Last week, our Young Persons Project Officer, Sally, travelled down for the opening of the 1 in 17 campaign in London. This campaign aimed to raise awareness of rare diseases in the UK through the stories of 17 people and art, as Sally explains.
“The “I am Number 17” campaign was created by Takeda Pharmaceutical to raise awareness that 1 in 17 people in the UK will be affected by a rare disease during their lifetime, whether through a diagnosis or in supporting a child, friend, or loved one. We deal with such a diverse range of conditions at Metabolic Support UK, including my own – XLH, so this is a message close to my heart and I jumped at the chance to take part.
I was chosen to be one of 17 “Change Makers” from across the UK, who would be the face of the campaign. We were each paired with an artist, who would create a piece reflecting our individual experiences to be part of a special exhibition.
First of all, I went down to London to share some of my story and have my picture taken for the publicity material. It was great to meet some fellow Change Makers and the creative team behind the campaign, but also nerve-wracking being photographed and talking about my experiences in such a public way.
I was matched with an artist named Gabrielle D’Mello, who works with a range of materials and formats. When I received a preview of her work, I knew straight away that she could create something really special.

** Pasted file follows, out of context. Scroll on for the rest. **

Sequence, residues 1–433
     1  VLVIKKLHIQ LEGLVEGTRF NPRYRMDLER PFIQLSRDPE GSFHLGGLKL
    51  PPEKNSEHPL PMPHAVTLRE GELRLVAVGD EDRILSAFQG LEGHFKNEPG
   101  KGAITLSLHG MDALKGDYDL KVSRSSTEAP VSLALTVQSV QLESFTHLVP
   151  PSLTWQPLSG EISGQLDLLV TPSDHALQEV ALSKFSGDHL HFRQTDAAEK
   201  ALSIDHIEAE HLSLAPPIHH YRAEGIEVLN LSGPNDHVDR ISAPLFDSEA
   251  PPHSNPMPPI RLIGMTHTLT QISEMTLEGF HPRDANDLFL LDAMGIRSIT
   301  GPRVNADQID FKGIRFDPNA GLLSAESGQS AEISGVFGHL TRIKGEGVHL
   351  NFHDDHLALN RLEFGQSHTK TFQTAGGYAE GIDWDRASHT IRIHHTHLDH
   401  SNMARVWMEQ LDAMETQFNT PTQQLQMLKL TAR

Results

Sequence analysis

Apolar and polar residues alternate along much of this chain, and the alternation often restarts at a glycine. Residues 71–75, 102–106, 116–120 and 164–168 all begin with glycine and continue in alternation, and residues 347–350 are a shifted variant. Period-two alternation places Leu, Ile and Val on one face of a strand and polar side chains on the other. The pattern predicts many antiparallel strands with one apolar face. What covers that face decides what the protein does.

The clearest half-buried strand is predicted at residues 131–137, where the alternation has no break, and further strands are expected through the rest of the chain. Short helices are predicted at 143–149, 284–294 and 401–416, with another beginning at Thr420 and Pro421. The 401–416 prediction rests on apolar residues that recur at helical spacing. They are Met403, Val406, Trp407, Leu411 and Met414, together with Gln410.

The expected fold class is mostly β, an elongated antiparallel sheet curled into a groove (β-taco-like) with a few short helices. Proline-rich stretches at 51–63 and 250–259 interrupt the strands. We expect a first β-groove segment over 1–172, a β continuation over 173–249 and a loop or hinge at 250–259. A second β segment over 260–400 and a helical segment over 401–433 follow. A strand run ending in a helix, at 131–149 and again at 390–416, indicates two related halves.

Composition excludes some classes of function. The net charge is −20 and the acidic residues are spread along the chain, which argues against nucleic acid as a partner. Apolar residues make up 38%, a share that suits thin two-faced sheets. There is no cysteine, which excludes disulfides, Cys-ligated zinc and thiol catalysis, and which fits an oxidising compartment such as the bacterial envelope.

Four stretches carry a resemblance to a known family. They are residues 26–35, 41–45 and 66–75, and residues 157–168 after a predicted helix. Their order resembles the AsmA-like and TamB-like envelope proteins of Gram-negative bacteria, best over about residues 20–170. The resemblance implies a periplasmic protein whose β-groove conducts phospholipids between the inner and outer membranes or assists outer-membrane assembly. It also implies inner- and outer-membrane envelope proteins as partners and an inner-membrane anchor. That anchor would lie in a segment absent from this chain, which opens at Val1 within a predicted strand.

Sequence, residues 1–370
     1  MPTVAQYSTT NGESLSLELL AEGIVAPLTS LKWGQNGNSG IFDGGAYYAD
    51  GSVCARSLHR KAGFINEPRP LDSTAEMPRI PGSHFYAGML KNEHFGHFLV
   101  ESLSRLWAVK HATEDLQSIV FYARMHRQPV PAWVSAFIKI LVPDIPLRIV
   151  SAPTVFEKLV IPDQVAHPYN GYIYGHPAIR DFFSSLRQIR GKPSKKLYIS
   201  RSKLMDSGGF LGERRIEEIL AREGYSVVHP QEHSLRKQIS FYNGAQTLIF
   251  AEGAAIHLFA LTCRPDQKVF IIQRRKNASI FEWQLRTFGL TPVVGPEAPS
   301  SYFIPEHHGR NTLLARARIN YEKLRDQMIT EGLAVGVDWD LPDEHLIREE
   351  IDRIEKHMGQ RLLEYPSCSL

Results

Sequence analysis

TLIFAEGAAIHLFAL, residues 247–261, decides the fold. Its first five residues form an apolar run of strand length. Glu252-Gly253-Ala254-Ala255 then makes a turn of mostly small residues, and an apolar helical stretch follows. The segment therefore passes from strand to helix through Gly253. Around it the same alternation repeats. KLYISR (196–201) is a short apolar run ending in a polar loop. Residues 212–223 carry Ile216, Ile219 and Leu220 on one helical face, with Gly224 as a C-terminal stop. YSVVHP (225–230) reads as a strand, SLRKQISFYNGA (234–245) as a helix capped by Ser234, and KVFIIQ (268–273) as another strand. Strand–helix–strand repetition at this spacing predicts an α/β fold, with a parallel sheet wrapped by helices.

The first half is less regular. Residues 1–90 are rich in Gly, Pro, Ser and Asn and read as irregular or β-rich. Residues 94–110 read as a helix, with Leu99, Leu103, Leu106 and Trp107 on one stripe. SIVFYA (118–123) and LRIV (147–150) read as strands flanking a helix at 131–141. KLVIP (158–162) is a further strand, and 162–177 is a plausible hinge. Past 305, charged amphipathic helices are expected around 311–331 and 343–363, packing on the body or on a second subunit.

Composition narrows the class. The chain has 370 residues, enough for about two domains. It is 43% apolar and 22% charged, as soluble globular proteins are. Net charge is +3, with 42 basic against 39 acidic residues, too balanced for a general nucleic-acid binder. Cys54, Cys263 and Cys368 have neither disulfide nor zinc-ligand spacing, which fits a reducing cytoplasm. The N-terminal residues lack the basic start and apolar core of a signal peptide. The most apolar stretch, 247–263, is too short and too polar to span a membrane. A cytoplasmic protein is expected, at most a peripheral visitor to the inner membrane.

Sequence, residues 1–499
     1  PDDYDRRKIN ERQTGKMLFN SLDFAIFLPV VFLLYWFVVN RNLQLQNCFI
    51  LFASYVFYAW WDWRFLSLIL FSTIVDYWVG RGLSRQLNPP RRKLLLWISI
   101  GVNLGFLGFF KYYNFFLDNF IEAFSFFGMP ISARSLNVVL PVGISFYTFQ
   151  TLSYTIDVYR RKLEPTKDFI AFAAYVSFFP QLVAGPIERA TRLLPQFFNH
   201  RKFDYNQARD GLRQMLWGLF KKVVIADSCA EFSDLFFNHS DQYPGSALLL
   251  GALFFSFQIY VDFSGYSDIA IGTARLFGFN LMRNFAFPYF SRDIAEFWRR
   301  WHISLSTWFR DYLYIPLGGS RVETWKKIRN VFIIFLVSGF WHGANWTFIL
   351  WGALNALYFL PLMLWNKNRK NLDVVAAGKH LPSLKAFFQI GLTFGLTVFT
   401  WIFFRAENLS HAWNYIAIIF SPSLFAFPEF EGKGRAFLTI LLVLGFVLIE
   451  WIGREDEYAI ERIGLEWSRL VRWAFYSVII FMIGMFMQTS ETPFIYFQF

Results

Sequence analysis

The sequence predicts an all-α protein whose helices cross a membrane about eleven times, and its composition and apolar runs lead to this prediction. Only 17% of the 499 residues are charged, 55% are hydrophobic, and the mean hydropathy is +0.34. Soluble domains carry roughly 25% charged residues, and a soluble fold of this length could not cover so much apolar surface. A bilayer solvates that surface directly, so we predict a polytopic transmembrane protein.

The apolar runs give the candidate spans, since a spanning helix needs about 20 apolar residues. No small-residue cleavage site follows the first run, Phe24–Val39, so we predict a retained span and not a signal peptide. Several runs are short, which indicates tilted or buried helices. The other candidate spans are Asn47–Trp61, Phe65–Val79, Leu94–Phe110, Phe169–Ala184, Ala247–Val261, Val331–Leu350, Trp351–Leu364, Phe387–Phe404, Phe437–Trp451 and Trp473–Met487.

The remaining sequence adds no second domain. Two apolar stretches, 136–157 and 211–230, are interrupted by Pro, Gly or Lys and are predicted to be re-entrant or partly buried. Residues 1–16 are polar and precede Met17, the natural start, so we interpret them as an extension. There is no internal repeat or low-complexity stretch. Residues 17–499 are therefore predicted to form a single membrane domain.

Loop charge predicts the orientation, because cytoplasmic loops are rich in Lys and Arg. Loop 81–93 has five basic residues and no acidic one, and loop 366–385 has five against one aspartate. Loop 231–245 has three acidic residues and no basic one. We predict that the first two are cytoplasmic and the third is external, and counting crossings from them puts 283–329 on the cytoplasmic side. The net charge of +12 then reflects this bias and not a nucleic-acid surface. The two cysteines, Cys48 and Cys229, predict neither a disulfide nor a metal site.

We spoke on the phone and online about my journey and what it’s like to live with XLH. I’m quite an optimistic person and try to do as much as I can and not let my condition limit my experiences more than needs be. We talked about how I love to travel, and how my work with XLH UK and the European Patient’s Forum has allowed me to meet other patients from all over the world. But we also talked about the hard times, how XLH affects me emotionally and physically, and how I get strength from the amazing support of my friends, family, boyfriend, and colleagues. I sent Gabrielle pictures of all the fun things that I get up to as well as the recovery from my last difficult operation, so that she could see the contrasts and use some of that imagery. She then created some different concepts and we talked about how I connected with each one, so that we could narrow down to the final ideas. When I finally saw the piece, I loved it from first sight.
The exhibition was launched at a private event taking place on 22nd January at Gallery @ OXO, which is part of the OXO Tower complex on London’s South Bank. I travelled down with my mum, who has seen me through so many ups and downs, so that she could share in it as well. It was a very special evening meeting the rest of the Change Makers and two of them, David Rose (Rare Revolution Magazine) and Lara Bloom (Ehlers Danlos UK), shared their own powerful stories.
The atmosphere in the room was one of real positivity and the artwork ranged from canvas, weaving, digital and 3D art, to interactive projections. The gallery stayed open until Saturday 26th January. I returned to see the gallery at the weekend and at that point, it had already had over 100 visitors.
Although it was challenging at times, I’m so glad that I took part in such a unique campaign, which has really made people think. You can see all of the art work and read more about the campaign and the Change Makers online at www.IamNumber17.org.uk, and follow the hashtag #IamNumber17, which you can use to share your own experiences of having your life affected by a rare disease.”
If you would like to share your story and raise awareness of your condition, please contact Maggie on firstname.lastname@example.org or 0845 241 2173 to see how we can help.